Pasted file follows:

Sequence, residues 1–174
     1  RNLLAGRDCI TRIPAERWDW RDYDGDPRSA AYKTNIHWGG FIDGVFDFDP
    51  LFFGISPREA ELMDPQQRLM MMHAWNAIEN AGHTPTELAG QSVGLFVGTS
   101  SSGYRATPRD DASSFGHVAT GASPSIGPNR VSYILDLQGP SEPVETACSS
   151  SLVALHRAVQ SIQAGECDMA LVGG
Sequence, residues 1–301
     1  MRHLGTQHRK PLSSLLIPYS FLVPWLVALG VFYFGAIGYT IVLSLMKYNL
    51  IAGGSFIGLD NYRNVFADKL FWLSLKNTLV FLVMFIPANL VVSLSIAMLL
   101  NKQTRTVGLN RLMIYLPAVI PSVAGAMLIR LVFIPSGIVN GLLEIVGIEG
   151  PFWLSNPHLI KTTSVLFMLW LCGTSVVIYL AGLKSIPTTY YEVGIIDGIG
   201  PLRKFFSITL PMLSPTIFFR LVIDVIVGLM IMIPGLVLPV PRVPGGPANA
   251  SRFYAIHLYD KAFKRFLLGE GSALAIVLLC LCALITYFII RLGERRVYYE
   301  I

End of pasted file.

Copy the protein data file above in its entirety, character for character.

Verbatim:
Sequence, residues 1–174
     1  RNLLAGRDCI TRIPAERWDW RDYDGDPRSA AYKTNIHWGG FIDGVFDFDP
    51  LFFGISPREA ELMDPQQRLM MMHAWNAIEN AGHTPTELAG QSVGLFVGTS
   101  SSGYRATPRD DASSFGHVAT GASPSIGPNR VSYILDLQGP SEPVETACSS
   151  SLVALHRAVQ SIQAGECDMA LVGG
Sequence, residues 1–301
     1  MRHLGTQHRK PLSSLLIPYS FLVPWLVALG VFYFGAIGYT IVLSLMKYNL
    51  IAGGSFIGLD NYRNVFADKL FWLSLKNTLV FLVMFIPANL VVSLSIAMLL
   101  NKQTRTVGLN RLMIYLPAVI PSVAGAMLIR LVFIPSGIVN GLLEIVGIEG
   151  PFWLSNPHLI KTTSVLFMLW LCGTSVVIYL AGLKSIPTTY YEVGIIDGIG
   201  PLRKFFSITL PMLSPTIFFR LVIDVIVGLM IMIPGLVLPV PRVPGGPANA
   251  SRFYAIHLYD KAFKRFLLGE GSALAIVLLC LCALITYFII RLGERRVYYE
   301  I